There’s a scene in many an old movie, often a romantic comedy from the 1940s or ’50s, where the wife arrives home laden with hatboxes and shopping bags from high-end boutiques and the husband jocularly winces at how much his spouse has bought. It’s usually played for laughs.
An overspending partner is also fairly common. About a third of respondents to a Creditcards.com survey in 2020 said they spent more than their partner would like them to, with 12% admitting they had secret debt.
“Money comes up so often in therapy,” says Sharon O’Neill, a licensed marriage and family therapist whose practice is primarily in Westchester County, N.Y. “When two people come together, that is one of the things that is so often different—one person spending more than the other.” It’s much more rare, she says, that a couple’s spending habits are compatible.
Understand the Family Dynamics
Of course, there are degrees of overspending, and one of the first things you should figure out is why it bothers you. If a partner’s spending is clearly hurting your finances, then the problem is apparent. But if these splurges don’t have an economic impact on your household, why should they matter?
Often, anger about money is really about other issues in the relationship, says Paul Hokemeyer, a licensed marriage and family therapist who lives in Telluride, Colo., and New York City. “Marriages have that all the time,” he says. “The investor banker husband who has 20 bicycles and every month a new bicycle is coming.” The family can afford the expense, but it angers his wife.
So, maybe the bikes aren’t the problem at all. Maybe it’s a lack of intimacy or feelings of not being seen or heard in a relationship, he says. “It’s a lot easier to talk about quantifiable things, like bicycles, than qualifiable things like emotions, so the question becomes how is this hurting you,” says Hokemeyer, who is also the author of Fragile Power: Why Having Everything Is Never Enough.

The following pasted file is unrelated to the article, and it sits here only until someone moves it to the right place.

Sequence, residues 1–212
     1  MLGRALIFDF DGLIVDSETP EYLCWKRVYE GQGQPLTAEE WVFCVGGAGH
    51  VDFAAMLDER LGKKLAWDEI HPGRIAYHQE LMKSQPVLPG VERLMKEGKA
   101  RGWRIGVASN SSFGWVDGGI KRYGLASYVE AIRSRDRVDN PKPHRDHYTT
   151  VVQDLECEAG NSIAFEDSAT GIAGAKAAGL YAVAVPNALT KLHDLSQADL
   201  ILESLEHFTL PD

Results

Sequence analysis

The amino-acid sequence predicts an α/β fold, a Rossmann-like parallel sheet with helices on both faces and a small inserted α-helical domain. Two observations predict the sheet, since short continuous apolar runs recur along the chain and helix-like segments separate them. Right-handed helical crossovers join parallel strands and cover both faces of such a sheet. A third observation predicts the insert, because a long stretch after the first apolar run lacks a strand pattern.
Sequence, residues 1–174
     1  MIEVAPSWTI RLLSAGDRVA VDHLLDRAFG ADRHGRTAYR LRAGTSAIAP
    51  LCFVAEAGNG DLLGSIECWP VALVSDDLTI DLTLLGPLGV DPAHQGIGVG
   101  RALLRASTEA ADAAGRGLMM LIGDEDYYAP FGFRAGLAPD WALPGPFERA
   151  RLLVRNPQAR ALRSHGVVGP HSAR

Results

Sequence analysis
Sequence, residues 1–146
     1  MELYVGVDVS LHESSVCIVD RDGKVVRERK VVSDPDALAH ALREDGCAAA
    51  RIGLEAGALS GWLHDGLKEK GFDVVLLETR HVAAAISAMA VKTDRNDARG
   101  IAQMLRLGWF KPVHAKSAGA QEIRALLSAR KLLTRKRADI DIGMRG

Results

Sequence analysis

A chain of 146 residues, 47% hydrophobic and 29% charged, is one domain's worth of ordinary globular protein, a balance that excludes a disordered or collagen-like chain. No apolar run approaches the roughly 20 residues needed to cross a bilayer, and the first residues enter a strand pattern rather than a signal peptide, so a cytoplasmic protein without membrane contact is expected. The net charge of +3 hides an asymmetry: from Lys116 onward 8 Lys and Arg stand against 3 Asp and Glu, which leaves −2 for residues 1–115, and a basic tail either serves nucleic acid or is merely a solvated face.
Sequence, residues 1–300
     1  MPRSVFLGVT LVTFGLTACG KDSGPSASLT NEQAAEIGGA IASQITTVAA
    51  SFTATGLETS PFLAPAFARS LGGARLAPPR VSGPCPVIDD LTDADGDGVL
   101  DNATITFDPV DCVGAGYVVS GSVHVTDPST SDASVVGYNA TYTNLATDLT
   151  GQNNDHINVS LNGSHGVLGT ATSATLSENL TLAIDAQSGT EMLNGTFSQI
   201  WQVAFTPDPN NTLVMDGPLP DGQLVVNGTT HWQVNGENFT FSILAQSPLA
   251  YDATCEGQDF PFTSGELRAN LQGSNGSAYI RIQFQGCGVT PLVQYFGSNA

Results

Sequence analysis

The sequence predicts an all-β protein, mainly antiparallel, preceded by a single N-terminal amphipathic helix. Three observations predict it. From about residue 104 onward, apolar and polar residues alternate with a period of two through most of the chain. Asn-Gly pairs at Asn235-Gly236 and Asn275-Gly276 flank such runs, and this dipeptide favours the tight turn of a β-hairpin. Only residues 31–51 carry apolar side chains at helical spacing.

Nothing shapes your own view of spending more than how your own family thought about money, spent it (or didn’t), argued about it and used it while you were growing up, and the same is true of your spouse. “It’s very important for couples to understand each other’s money type and respect [it],” says Jill Fopiano, a certified financial planner and the president and chief executive officer of O’Brien Wealth Partners in Boston. “Try to find a place of alignment rather than looking at this as a character flaw or a personality trait.”
Find Common Ground
Andrea Woroch, who frequently writes and speaks about budgeting and money, says when she and her husband first came together, their spending patterns completely clashed. She was fine with leftovers; he wanted to dine out all the time. She bought generic products; he never comparison shopped. “I felt completely out of control with how my husband spent and what he spent on,” she says.
So, they took the first step every expert recommends: They talked about the problem without pointing fingers at each other. “You need to address the issue in a nonaccusatory and nonjudgmental way, such as ‘I’ve seen these credit card bills and I’m getting really scared. I’m concerned about our future together and I want to make sure that I’m doing everything in my power to make sure our financial future is safe,’” Hokemeyer says. Then find shared goals.
Can you agree, for example, on big objectives, such as paying off a mortgage, funding a grandchild’s education, socking away for retirement or buying a second home? If so, that’s one obstacle overcome. “Don’t focus on the micro details of spending, such as ‘were you at Nordstrom’ or ‘were you at the golf course,’” says Kevin Donohue, a certified financial planner with Legacy Planning in West Chester, Pa. “That just incites anger. Usually, if you focus on common ground, that’s the start of moving things in the right direction.”
Then—and this is the really hard part—you need to go over your finances: monthly income, monthly spending, assets, savings and investments. Forecasting what your future finances will look like if the spending doesn’t stop, such as losing your house, as well as how to reach your financial goals, is key, Donohue says.